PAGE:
Teaching Emotional Intelligence in Early Childhood

If one were to ask me that one skill that I would want my child to develop, the answer is simply “emotional intelligence”. The ability of a person is founded at an early age. That is why early childhood development is significant. The manner of the child’s upbringing influences his/her points of view as an adult and that is why raising an emotionally intelligent child from a young age is so important.

Each child is unique, but concepts like mannerisms and attitudes have a universal view between right and wrong. To guide parents like you we will be addressing the main concerns of emotional intelligence or EQ development.

IQ vs EQ

What is Emotional Intelligence or EQ in Children?

The “Q” stands for “quotient’,” similar to the usage of “IQ” but the abbreviation “EQ” already means the measure of emotional intelligence. Therefore, for simplicity, the “quotient” is conveniently omitted when the term is used. Phrases such as kids EQ, EQ for children, social intelligence for kids are synonyms for emotional intelligence and used widely in general discussions.

What is emotional intelligence? Emotional intelligence (also known as EQ) refers to the recognition of emotions, understanding their nature, and the methods of managing them ( 1). The term applies to all ages but usually, the measurement is developed during childhood. This is a necessity that is often ignored due to the tradition of the people responsible.

Can You Teach Emotional Intelligence to a Child?

The short answer is YES, similar to how you could instil a growth mindset. A child is at the mercy of his/her parents’ style of upbringing. Parents can be one of four types:

These are parents who handle the child’s emotion and don’t cater to them by eliminating its (emotion) existence.

These are parents that contradict the child’s emotions through punishment or other negative methods.

These are parents who are so tolerating that they cannot help their child’s handle emotions.

These are parents who coach their children about emotions. The term ‘coach’ is appropriate since the child is given an allowance to discover their emotions, and the parents are there to guide them.

Out of these four types of parents, only one of them raises the child’s emotional intelligence ( 2). They seek the proper approach for the child so that he/she may grow into a responsible adult. Emotional intelligence can be taught and cultivated, if only you aspire to be one of the “ultra parents.”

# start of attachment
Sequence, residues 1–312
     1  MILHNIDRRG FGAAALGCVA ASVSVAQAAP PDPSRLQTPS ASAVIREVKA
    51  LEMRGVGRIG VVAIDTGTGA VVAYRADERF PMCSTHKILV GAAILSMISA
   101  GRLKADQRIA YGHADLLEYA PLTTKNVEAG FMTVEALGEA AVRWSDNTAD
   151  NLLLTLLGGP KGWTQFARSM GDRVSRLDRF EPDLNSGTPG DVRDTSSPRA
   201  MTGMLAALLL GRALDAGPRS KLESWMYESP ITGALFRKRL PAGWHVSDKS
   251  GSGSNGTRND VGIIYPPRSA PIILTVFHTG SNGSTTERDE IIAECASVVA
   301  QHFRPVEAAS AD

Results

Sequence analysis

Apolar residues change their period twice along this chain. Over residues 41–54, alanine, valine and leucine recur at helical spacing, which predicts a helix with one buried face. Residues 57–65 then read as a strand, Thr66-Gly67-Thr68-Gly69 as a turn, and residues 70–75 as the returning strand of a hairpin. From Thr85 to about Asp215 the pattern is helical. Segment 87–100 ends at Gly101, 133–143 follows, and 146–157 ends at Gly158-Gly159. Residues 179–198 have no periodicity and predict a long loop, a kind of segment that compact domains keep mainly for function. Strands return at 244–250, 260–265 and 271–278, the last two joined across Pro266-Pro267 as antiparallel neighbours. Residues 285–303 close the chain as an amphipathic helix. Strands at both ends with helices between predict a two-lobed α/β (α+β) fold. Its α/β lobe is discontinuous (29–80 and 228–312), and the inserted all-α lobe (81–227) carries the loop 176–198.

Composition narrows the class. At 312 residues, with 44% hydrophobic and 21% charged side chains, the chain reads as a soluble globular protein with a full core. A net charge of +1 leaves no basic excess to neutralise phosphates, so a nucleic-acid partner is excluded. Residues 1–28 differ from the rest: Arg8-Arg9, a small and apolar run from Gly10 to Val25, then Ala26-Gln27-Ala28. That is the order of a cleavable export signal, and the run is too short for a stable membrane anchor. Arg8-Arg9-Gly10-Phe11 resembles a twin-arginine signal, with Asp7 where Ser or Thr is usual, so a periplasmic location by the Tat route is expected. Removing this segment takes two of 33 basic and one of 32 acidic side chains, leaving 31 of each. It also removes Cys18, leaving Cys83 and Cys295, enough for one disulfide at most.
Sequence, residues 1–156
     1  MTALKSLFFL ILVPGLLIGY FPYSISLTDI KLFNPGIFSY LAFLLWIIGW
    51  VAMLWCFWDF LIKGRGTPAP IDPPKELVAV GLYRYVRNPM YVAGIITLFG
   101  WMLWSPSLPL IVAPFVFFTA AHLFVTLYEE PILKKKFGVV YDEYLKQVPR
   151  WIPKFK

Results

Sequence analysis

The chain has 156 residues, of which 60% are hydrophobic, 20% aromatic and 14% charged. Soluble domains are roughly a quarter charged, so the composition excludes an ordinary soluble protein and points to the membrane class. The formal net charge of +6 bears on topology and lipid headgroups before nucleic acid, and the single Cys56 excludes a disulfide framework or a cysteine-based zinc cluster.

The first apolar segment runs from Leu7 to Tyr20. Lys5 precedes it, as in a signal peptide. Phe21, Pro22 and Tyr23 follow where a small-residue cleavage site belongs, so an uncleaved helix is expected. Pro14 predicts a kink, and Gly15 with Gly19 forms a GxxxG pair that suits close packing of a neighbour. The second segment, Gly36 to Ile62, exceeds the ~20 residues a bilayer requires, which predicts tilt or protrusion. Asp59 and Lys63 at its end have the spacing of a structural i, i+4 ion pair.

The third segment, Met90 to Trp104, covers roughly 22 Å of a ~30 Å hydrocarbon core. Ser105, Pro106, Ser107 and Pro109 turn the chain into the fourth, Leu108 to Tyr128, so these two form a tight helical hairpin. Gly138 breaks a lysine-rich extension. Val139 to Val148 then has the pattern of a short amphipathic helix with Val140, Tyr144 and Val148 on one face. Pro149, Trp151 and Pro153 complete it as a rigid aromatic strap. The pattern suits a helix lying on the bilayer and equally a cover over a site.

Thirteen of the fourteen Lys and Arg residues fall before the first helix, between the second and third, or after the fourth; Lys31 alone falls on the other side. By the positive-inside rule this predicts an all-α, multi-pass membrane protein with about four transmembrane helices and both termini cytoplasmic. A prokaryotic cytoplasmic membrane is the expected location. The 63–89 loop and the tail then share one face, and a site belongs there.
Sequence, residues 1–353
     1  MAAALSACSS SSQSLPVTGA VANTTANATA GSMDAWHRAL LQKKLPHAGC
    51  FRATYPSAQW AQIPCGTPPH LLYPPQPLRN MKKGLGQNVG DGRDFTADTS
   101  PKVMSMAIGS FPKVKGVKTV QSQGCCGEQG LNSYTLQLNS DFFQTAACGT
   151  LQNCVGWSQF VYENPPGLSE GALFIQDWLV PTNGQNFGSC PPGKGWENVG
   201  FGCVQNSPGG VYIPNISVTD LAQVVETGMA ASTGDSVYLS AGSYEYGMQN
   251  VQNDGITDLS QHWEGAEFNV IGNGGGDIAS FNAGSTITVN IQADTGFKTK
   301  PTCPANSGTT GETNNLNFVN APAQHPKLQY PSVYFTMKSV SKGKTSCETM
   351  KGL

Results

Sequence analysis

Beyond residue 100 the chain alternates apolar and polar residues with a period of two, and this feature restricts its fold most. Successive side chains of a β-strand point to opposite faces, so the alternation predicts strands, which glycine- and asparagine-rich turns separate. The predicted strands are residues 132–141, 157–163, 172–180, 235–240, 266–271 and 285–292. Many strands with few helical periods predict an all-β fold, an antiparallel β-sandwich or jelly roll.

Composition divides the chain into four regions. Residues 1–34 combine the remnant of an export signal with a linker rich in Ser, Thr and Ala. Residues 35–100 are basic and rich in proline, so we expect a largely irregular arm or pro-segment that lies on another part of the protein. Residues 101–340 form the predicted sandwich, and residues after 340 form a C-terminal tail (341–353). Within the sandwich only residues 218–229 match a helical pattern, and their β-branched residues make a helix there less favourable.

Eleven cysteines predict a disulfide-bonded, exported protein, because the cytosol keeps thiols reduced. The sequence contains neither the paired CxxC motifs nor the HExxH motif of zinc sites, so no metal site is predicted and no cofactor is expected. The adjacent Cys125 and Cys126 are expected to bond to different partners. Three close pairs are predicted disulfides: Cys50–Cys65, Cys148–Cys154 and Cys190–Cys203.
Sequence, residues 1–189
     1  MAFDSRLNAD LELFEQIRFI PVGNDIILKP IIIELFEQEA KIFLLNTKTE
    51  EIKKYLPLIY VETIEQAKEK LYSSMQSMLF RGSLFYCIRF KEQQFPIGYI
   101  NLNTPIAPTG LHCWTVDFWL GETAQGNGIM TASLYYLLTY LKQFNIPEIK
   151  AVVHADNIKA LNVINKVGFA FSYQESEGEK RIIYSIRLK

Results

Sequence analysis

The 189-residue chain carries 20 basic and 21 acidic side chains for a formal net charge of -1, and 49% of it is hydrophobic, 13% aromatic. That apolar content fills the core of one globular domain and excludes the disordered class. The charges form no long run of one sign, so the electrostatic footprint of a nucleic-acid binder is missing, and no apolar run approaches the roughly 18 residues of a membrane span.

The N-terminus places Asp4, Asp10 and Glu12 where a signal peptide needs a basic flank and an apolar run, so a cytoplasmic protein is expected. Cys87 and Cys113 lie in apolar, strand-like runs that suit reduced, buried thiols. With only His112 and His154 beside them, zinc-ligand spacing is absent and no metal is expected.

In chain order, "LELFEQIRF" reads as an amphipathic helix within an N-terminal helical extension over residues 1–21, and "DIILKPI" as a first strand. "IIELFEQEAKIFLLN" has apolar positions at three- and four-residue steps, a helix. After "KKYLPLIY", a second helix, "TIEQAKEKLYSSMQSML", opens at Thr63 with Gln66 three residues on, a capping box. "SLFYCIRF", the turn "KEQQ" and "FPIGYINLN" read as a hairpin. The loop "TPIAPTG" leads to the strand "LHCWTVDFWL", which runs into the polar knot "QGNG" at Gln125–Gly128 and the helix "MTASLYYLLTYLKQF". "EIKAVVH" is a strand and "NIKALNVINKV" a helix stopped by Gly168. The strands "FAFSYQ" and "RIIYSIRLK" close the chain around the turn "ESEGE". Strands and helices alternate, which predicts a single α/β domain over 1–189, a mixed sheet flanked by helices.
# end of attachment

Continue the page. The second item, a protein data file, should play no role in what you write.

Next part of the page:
However, if you think about it, how does a set of parents become “ultra parents” or emotion coaches? This may feel difficult since not all parents would have been trained with EQ as the primary focus. But to adapt, the parents must recognize the benefits of having an emotionally intelligent child and the potential they can bring to society.

Benefits of Emotional Intelligence for a Child

Well, let’s now try to understand the benefits of emotional intelligence, how EQ can help your child. Emotions are one of the critical elements that make us living organisms. Compared to other creatures, we are the ones capable of managing emotions through our intelligence. Therefore emotional intelligence helps us live better than animals and lets us be capable of commanding the environment rather than being followers of urges. Children with a higher EQ are grateful and resilient.

According to studies, EQ is a much better factor of judgment for success compared to IQ. Although it may sound obvious, children who are trained to check on their emotions are more likely to be successful in managing them when they are approaching adulthood ( 3).

In summary, contentment and order are the main benefits of emotional intelligence. Most who committed crimes are those who cannot control their urges. Even adult issues like depression, fatigue, anger management, lust, and vices are attributed to the lack of supervision of emotions.

Emotional Intelligence: Examples Displayed by Kids

Emotional Intelligence Uses

Here are some examples we can relate to that will help us appreciate the importance of emotional intelligence:

Kids are able to channel their emotions without causing trouble. Whether they are loud or quiet they express through harmless mediums like a literary piece, a song, an artwork or a performance, when conversations are inapplicable.

Kids develop listening skills that cultivate respect for the individuals involved in the conversation. Also, through listening, they learn appropriateness and practice proper manners when a situation arises.

Certain situations can bring complexity to the kids’ understanding of what they are feeling. If they are going through confusion, kids with advanced emotional intelligence can take some steps before rushing to conclusions.

Above are some emotional intelligence examples that you might have encountered. Even if the goal is right and fitting, the tasks are not that simple. Every kid has its personality, and the parents also have a varied level of understanding. It is essential to at least practice the basic steps to develop your child’s EQ.